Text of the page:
Learning to Homebrew

Pre-ramble

I’m a big craft beer enthusiast but I lack the technical curiosity to make my own. My pal Raymond, however, has spent the past three years honing his brewing skills across a range of styles, including a silky oatmeal stout and a Christmas-spiced saison. He’s only ditched one undrinkable batch and even built his own kegerator, so he can enjoy his beer on tap at home. Curious to see if I was missing out, I joined Raymond as his sous-brew-chef for a day.

I chose to brew a Mango Chilli IPA, having tried one by Harbour Brewing last year and fallen in love with it. If you’d like to make your own, head over to Raymond’s site for the recipe and he’ll field any technical questions you may have too.

Fermenting!

Fermenting!

In case you’re interested, Raymond brews with a 30L electric boiler, 45L mash tun and various other accessories, including a big spoon, a sieve and a fermenter. Most brewing gear is affordable and readily available online or in shops such as Brewstore on South Clerk Street, who also sell all the ingredients you’ll need. If you don’t fancy buying equipment though, I would highly recommend a visit to Stewart’s brewery. You can spend a day in their ‘Craft Beer Kitchen’ brewing on their special small-scale kit and designing your own labels for the bottles.

Once you’ve had a go at homebrewing, take your creations along to Edinburgh’s craft beer club. Hosted by Brewstore, it gives Edinburgh’s homebrewers the chance to exchange tips and review each others’ liquid triumphs. Personally, I think what the guys make is often as good as what you’d find in a bar. And perhaps that’s one of the reasons so many people get into brewing: to cook an exceptional ‘Masterchef’ meal is extremely hard, but making a great beer is easier, because it’s a more exact science.

Just some brewing essentials

Just some of the brewing essentials…

The brewing

Once the basics of filling the boiler and sterilising our equipment were done, we chose our water profile. Different beer styles are associated with the pH, hardness and minerals of water and we used a programme called BeerSmith to choose ‘Salt Lake, Utah,’ suitable for our IPA. We added Magnesium Sulphate, chalk and bicarbonate of soda to our Edinburgh water to give it a similar chemistry to Salt Lake. I wasn’t allowed trendy Portland, Oregan because apparently that profile is better suited to a Pilsner than an IPA.

Beer Smith

BeerSmith

For the water profile

For the water profile

Next, we ‘mashed in,’ pouring in grains and Vienna, chocolate and crystal malts. These create the fermentable sugars needed by the yeast to produce alcohol, along with a roasty malt flavour and an amber colour. The chocolate in particular smelled amazing. The mash tun was then wrapped in a duvet to keep the temperature constant and the resulting liquid, called wort, was reminiscent of biscuits or porridge.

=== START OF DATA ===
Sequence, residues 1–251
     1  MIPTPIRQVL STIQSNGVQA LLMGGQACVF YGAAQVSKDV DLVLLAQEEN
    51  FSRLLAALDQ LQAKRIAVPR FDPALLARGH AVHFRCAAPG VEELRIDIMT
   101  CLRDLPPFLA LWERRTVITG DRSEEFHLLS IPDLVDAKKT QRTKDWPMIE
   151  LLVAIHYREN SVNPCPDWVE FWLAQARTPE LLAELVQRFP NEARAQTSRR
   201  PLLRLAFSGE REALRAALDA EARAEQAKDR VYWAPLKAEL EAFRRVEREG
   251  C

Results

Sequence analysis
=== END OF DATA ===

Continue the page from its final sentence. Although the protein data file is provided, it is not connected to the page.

Mashing in

‘Mashing in,’ under the watchful eye of brew cat Fudge

 

Draining the wort

Draining the wort

After 45 minutes, the wort was drained from the rest of the grains whilst ‘sparging,’ which is like a gentle shower that washes out more sugars. Plentiful sugar is important for the hungry yeast, which we would add later. At this point, we also measured our pre-boil gravity with a hydrometer. Pre-boil is the period before the hops and wort are boiled together and the gravity gives you a measure of the quantity of sugars dissolved in the solution. Later our gravity readings would enable us to work out the beer’s ABV (alcohol by volume).

Sparging

Sparging

Measuring gravity

Measuring gravity

The wort was then boiled and various combinations of hops were added at set times – we used floral Crystal, citrusy Simcoe and full-bodied Citra. Just before the end we also put in some Irish Moss, which is essentially seaweed, to prevent cloudy beer.

Citra hops

Citra hops

Boiling hops and wort

Boiling hops and wort

The beer then had to be cooled very quickly, from 80C to 30C, before it was placed on the fermentor to keep it at the right temperature for the next week. We added a kilo of mango puree and our American Ale yeast, which was whisked in to give it as much oxygen as possible. After a week, we tasted the beer and added another kilo of mango puree as well as fruity Ancho chillies, sourced from Lupe Pintos. After two weeks, once the chilli has properly infused, the beer will be bottled.

Ancho chillies

Ancho chillies

The end (for now)

I really enjoyed getting to grips with the science of brewing. Thanks to Raymond for his patience with my questions, the cleaning and the heavy lifting. For anyone who’d like to try our beer, I’ll be bringing some to May’s Scran Salon. And if you’d like a bottle to take home, let me know. At the last tasting it had a big kick! I expect it would go well with any creamy or tomato-based curry, as well as pulled pork or strong cheese, like Isle of Mull cheddar.

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About AmyB

I gleefully work for Mara Seaweed, promoting sea vegetables via social media. As you do. I have an encyclopaedic knowledge of Edinburgh's eating options, achieved through an unrivalled dedication to consuming everything the city has to offer.

3 Comments

  1. Hi Amy

    I’m in the process of setting up a small soft drinks company in Edinburgh and I’m looking to find someone with expertise in all things corny kegs, carbonating and pressure filling who may be able to pass on some advice to assist me in establishing my production set up. I saw your post and wondered if anyone at Stewart brewing would mind giving some advice in this area to a small business in edin? Appreciate soft drinks aren’t what is likely to get peeps at Stewart brewing excited, so no worries if this is of no interest.

    Would be greatly hear back from you.

    Cheers
    Stephen

  2. Pingback: Edinburgh Foody Beer – Chilli Mango IPA | Rad Brewing

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